We have understood addiction to be a disease for nearly a century, yet shame and stigma continue to keep people from seeking treatment and support. This has always been the case, but skyrocketing overdose deaths, substance abuse, and suicide rates both locally and nationwide renew a sense of urgency in our mission to combat false narratives, beliefs and assumptions around this chronic disease. This is the first in a blog series exploring the many facets of stigma that perpetuate addiction. Before we dive in, it is important to start with the basics:
Addiction is a disease.
Contrary to the belief that addiction is an individual moral failing, addiction is a complex, chronic disease that changes the chemical balance of the reward center of the brain. It is caused by a combination of biological, environmental, and developmental factors, and according to the American Psychological Association, about half the risk for addiction is genetic. Long-term substance use can also change the parts of the brain that affect learning, judgement, decision making, self-control and memory.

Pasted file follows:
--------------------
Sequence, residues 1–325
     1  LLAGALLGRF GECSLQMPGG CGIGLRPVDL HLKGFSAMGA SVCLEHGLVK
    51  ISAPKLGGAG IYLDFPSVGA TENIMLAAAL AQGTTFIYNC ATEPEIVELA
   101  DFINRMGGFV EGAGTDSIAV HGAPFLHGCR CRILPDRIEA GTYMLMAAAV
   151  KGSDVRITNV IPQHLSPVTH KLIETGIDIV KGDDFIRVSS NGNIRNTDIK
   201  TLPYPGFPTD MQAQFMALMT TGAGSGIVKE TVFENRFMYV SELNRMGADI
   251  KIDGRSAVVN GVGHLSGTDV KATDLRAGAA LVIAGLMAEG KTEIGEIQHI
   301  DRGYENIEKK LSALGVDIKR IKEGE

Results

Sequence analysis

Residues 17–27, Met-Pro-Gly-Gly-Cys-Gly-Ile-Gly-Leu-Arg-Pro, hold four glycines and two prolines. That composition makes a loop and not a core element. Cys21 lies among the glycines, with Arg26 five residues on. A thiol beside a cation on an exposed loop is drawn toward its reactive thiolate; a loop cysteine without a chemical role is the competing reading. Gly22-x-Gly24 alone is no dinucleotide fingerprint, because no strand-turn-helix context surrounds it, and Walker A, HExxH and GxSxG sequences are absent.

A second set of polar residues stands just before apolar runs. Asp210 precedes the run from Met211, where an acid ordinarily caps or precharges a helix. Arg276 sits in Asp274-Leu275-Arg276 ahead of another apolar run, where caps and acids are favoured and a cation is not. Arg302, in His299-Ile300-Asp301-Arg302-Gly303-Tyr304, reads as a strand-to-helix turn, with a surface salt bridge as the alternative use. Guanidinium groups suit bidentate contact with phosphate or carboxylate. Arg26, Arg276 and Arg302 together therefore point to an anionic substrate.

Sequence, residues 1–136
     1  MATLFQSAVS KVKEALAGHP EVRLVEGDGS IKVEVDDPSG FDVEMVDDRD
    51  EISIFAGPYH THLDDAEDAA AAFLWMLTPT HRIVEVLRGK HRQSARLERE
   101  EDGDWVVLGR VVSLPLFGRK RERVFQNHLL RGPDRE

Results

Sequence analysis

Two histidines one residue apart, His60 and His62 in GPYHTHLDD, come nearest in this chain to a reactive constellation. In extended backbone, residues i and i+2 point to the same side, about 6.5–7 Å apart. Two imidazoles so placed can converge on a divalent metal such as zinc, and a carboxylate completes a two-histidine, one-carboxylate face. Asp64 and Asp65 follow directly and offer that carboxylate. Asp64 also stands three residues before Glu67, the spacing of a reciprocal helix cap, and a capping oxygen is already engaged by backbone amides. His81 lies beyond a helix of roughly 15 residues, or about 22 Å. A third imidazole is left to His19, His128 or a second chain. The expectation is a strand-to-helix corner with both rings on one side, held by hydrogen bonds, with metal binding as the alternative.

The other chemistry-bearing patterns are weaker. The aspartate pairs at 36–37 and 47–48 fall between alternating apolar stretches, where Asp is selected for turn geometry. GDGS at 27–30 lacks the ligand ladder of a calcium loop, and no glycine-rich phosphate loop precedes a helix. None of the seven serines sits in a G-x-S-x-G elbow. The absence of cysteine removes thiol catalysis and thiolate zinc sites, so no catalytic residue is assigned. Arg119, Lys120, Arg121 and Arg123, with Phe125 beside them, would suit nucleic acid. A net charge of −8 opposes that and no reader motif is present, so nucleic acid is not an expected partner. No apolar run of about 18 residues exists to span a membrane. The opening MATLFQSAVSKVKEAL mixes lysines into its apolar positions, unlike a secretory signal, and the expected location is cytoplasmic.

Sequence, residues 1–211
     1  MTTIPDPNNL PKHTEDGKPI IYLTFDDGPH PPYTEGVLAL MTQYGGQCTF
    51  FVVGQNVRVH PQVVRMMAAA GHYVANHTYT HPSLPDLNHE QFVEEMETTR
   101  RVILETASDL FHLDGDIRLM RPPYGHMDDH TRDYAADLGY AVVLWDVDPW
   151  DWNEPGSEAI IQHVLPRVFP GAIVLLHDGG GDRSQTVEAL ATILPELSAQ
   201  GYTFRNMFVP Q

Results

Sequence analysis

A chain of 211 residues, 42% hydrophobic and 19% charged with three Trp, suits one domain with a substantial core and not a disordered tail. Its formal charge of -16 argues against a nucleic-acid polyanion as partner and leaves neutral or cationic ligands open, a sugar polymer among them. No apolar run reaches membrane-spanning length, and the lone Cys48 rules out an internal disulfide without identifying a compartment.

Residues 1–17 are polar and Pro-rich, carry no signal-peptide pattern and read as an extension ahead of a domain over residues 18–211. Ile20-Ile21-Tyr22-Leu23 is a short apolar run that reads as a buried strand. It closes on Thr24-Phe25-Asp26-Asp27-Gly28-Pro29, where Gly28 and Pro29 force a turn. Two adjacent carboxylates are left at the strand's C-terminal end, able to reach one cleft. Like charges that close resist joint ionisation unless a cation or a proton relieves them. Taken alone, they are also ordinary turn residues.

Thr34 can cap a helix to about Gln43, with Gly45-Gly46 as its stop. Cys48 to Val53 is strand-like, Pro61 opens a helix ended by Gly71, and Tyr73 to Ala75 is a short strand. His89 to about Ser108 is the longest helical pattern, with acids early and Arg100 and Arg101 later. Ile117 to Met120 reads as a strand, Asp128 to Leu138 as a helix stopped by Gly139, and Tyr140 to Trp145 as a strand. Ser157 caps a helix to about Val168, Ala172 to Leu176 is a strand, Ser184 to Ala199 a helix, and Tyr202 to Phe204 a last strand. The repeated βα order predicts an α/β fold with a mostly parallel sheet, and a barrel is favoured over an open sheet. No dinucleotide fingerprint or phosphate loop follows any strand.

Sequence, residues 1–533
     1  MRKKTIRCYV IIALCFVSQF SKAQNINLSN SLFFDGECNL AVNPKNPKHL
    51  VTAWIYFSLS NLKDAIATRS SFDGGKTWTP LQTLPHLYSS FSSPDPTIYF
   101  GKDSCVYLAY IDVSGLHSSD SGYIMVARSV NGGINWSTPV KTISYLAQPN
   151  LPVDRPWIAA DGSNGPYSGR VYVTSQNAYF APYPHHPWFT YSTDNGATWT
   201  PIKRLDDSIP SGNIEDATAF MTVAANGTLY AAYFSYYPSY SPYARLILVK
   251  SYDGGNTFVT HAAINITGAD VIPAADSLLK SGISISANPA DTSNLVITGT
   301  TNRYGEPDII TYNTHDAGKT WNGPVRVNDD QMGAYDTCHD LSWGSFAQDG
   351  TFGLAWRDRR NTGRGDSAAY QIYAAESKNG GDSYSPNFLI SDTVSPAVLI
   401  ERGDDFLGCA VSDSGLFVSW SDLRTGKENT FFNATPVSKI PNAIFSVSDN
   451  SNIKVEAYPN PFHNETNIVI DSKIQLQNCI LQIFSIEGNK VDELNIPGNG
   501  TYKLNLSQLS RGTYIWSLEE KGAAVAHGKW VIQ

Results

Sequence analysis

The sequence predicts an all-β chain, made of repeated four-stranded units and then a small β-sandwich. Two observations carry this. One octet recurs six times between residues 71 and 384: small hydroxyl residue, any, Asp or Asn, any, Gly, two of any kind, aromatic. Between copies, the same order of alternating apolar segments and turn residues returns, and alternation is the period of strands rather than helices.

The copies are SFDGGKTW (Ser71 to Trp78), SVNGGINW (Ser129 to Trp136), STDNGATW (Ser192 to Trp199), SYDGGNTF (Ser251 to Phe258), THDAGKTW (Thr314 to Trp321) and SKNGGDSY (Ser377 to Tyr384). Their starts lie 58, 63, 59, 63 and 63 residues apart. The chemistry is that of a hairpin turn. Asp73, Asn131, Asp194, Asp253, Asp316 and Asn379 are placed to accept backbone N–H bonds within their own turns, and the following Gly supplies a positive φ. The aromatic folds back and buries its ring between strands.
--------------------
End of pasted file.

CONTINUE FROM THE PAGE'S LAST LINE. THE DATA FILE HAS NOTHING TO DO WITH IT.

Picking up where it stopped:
Addiction is treatable. Recovery is possible.
There is not a cure to addiction, but it can be treated and managed. In fact, a study published by the Centers for Disease Control and Prevention and the National Institute on Drug Abuse found that 3 out of 4 people who experienced addiction went on to recover.
Recovery is a process of change through which individuals improve their health and wellness, live self-directed lives and strive to reach their full potential. Recovery from substance use disorders looks different for each individual and can consist of pharmacological, social and psychological treatment. Regardless of the route taken, we want people struggling with substances to know that a life in recovery can be joyous, fulfilling and whole.
Everyone is worthy of recovery.
We believe everyone is deserving of a chance to live a life of recovery, regardless of the path that brought them to our doorstep. Anyone who comes to us for help is welcomed with the respect and compassion they need to feel safe enough to begin this vulnerable process of healing and renewal.
If you, a loved one, or a patient is struggling with substance use, contact us today to inquire about treatment options.